Saturday, 13 September 2014

'Cabinets of Wonder': Royal Albert Memorial Museum

'Cabinets of Wonder'

Perhaps you were wondering,
"where did this museum thing begin?"
If so, the Royal Albert Memorial Museum, RAMM, in Exeter
has answers for you. 

Around 500 years ago,
'rulers and nobles', wanting to 'possess the wonders of the world',
collected unusual and exotic objects,
creating 'Cabinets of Wonder'.

A couple of centuries on, collectors began to be more systematic,
focussing on types of objects.
Their collections were often donated to public museums,
to contribute to scientific knowledge,
as objects for earnest learning.
Museums were serious business,
promoting proper learning and self improvement.

These collectors brought us...


...and more butterflies
very specifically from Bishopsteignton, Devon,
displayed in drawers.


and flint tools.
I've shown you these before, in a previous post, here,
about things 'lost'
in the vicinity of Exeter.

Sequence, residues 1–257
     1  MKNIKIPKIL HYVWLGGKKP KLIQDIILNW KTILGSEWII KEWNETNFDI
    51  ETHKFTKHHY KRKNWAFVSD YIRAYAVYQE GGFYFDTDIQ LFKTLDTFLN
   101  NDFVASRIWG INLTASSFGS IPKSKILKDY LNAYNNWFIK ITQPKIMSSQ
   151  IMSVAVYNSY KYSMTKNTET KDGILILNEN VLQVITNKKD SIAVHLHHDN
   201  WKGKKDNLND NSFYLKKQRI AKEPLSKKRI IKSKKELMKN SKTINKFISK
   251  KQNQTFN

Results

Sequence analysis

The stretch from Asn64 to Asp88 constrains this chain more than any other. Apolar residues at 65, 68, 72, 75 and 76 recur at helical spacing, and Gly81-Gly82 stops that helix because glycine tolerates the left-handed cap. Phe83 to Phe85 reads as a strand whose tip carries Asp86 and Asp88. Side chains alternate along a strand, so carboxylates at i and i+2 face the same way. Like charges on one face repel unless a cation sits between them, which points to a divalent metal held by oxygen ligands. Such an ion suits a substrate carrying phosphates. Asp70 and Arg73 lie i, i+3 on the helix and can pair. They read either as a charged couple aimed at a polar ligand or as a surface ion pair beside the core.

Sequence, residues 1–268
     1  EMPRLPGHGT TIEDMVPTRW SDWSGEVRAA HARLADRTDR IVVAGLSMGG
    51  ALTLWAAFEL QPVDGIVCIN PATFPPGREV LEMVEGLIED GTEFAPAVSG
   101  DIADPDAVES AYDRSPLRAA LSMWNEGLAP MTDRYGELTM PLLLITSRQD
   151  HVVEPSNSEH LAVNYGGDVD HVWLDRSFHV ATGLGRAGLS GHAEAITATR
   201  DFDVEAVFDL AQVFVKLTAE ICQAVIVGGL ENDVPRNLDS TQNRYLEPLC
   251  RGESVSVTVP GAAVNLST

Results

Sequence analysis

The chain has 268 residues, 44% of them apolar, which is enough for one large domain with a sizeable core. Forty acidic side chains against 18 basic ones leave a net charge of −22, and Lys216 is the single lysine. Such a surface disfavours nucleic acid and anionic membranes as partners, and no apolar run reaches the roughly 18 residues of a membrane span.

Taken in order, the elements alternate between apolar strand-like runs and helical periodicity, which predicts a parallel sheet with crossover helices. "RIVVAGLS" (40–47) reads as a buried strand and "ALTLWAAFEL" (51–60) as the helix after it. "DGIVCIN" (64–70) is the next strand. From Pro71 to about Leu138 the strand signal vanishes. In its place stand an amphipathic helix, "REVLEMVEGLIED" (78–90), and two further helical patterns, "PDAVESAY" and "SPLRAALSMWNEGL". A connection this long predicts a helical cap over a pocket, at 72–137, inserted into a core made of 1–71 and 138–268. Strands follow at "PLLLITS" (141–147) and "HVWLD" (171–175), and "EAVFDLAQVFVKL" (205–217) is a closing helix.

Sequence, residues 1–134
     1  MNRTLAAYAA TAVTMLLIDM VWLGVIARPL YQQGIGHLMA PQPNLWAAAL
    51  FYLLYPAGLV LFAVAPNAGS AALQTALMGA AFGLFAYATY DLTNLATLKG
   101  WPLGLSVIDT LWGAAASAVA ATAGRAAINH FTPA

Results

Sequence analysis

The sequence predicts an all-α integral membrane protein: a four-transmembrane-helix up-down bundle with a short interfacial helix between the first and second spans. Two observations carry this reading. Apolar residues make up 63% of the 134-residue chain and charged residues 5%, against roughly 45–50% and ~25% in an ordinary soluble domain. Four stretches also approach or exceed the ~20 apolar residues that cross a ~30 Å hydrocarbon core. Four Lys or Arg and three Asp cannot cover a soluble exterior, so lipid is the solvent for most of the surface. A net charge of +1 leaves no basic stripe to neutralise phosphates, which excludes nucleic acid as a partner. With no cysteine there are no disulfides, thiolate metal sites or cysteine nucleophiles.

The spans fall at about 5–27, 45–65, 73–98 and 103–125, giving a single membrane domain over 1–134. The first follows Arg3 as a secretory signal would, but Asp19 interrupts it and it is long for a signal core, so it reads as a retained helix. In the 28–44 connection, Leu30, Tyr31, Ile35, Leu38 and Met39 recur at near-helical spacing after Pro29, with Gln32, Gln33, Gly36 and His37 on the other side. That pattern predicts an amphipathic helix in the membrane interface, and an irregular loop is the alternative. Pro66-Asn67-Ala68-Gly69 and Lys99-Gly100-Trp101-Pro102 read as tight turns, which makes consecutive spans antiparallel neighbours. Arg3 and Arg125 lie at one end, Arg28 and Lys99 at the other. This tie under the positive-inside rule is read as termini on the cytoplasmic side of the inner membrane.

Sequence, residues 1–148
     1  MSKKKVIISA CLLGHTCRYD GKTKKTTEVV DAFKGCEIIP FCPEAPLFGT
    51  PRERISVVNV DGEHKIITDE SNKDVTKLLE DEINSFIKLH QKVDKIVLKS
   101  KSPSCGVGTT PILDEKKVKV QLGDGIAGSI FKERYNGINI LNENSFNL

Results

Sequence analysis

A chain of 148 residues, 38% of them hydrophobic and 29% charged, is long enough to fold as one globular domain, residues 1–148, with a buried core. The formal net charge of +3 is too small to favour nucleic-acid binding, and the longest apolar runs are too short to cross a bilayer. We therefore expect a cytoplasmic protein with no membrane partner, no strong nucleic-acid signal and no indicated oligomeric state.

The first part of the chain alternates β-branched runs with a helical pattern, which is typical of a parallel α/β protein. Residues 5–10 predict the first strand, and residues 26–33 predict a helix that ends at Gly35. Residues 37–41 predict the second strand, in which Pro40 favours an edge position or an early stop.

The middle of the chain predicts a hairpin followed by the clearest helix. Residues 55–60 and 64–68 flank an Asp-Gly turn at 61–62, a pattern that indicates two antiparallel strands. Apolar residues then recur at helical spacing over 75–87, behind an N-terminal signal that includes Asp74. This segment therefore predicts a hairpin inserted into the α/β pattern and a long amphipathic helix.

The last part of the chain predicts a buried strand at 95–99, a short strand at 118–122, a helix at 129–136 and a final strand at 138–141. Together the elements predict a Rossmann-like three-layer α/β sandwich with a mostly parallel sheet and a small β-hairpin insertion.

Some collections appear slightly less thematic,
a bit random
and need more than a glass cabinet or drawer in which to display them.
Such as this Italian harpsichord and Kilimanjaro Giraffe.

Nowadays, collecting is not the preserve of rulers and nobles.
The RAMM invites you to become a collector.
Anyone can start a collection,
don't be put off by Giraffes and harpsichords.

Head to the beach.

Get out and about in the countryside.

Have a dig around in your garden.

 One day your collection
might be the beginnings of a museum.

 And when you have opened that museum,
you can invite visitors to say what they think.

 They'll be interested and amazed.

And tell you what they like about your collection.

And you might find out that you've made a space for people to connect,
and spend time together,
making museums more than serious learning and self improvement.

It's amazing what inspires people to start collecting.
Some things you just have to keep, and add to,
creating your own 'Cabinets of Wonder'.

Antlers found in Scotland,
sheep's ribs found on Dartmoor,
teeny tiny shells scooped up in your hands from a beach in Brittany,
coloured shards of sandblasted glass picked up on the beach in Teignmouth,
a gecko's skull,
bottle tops, all 357 of them,
stones from the beach, that always look better wet,
and a current seasonal occupation, conkers,
all litter the shelves of our house.

Get collecting,
and perhaps take your 'nana' to see what others have collected,
to the RAMM in Exeter.
A brilliant place to spend time,
both with objects and grandparents.

Details on the RAMM website, here.

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